Fathima Qureshi heads the digital marketing vertical at a leading multinational bank. She is a supermom to two teenage children, and is based in Bangalore. She shares her struggles, joys and uncertainties over the last twelve years, and the unparalleled gratification she has received as a single parent. Some names and details have been changed to protect the privacy of the writer.
When I was pregnant with my first child, I knew my marriage would be difficult. I experienced frequent physical and mental abuse, and when I felt I couldn’t take anymore, I left my husband’s home to be with my parents. There’s a stigma attached to being a single parent in India, and more so, in my community. Not long after my son was born, I was pressured to return to my husband, and I did. Predictably, the abuse continued, and two years later, I conceived again. By the time my daughter was born, I knew my marriage was over. I was worried about my children more than I was about myself. I didn’t want them growing up seeing their mother subjected to this kind of treatment, and so I became a single parent under compulsion.
When I got divorced, my son was 6 and my daughter, 3. I shifted my little family into my parents’ home in Mangalore, but I knew that this would be a temporary solution. I didn’t want anybody’s pity or sympathy, and I most certainly didn’t want to be dependent on anyone. I didn’t want my experience to serve as a crutch for me or my children, and I decided to make a fresh start in Bangalore. My brothers, both of whom were abroad, were furious at my decision of wanting to live alone with two young kids.
The custody battle for my kids was difficult. My ex-husband dragged me to court and demanded physical custody. As a peace offering, I told him I didn’t want anything; no alimony, no child support. I just wanted my kids. Without the financial obligation to his ex-wife and kids, he let us go.
I landed a job as a call centre executive at HSBC in Bangalore soon after, and I grabbed it. I decided to tread the waters before uprooting my children from my parents’ home in Mangalore, so I moved to Bangalore on my own, renting a single room in a PG setup. Money was tight and I sought a loan to provide for my children. When I moved them to Bangalore, I admitted them in one of the best schools in the city, determined to give them the best education.
Within about five months, I was offered a role in the marketing team at Standard Chartered Bank, and that’s how my tryst with marketing began, rather serendipitously. I found it challenging to handle my career and my children; I was a mother and a father to them, and my role was twofold. Fortunately, I found a lovely, caring housekeeper, who supported me in caring for the children, serving them their meals and dressing them for school. She continues to be a pillar of strength for me even today, and I don’t think I’d have been able to manage without her.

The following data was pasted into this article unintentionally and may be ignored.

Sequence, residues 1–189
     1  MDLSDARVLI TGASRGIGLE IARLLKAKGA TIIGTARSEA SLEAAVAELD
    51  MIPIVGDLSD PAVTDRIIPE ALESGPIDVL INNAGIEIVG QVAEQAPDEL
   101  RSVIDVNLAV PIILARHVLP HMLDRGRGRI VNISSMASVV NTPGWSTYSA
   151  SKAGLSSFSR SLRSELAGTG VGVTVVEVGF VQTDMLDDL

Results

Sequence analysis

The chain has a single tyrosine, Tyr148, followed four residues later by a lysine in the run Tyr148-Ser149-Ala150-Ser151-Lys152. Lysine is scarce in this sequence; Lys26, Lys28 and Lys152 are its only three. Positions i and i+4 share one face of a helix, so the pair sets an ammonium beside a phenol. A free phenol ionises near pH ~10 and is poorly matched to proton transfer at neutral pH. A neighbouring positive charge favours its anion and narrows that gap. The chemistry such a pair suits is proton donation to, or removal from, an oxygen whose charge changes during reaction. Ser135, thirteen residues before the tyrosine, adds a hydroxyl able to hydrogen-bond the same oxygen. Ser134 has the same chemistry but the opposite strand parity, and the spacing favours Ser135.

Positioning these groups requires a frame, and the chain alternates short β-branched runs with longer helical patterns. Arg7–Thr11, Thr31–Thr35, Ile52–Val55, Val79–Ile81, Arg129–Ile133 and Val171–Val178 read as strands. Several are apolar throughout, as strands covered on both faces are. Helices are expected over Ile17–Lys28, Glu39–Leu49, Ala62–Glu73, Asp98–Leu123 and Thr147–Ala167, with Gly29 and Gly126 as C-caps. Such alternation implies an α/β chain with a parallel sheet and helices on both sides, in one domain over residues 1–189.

While I was at StanChart, select employees were given the option to apply for an executive MBA at XLRI. I opted for the course, and it empowered me to reach higher. I set my sights on moving to Australia, aspiring for a better life for my children. I moved my children to my parents’ home for six months while I explored opportunities down under. Somehow, it never worked out, and I returned to India within six months.
Being a single mom to two teenage children is hard. I must play both the good cop and the bad cop. I must be a strict parent, and be a friend. My children confide in me, and yet know where their boundaries lie. They call me ‘Penguin’, an endearment they like to use when they feel especially affectionate.
Today, my kids share a superficial bond with their father. I say father, and not dad, because I think it takes great love and effort to be a dad. You must earn it. A year ago, for the first time, he started contributing to their financial wellbeing.
I’m in a much better place now than I was ten years ago, and many of my friends say that I am brave for having chosen to be a single parent. I don’t see it that way at all. I’ve given my children a better life than they would have had otherwise, and this experience has been gratifying to say the least. Both my kids have become unique, special individuals, with creative differences and minds of their own. I did what I had to for my children, and the rest, as they say, is history.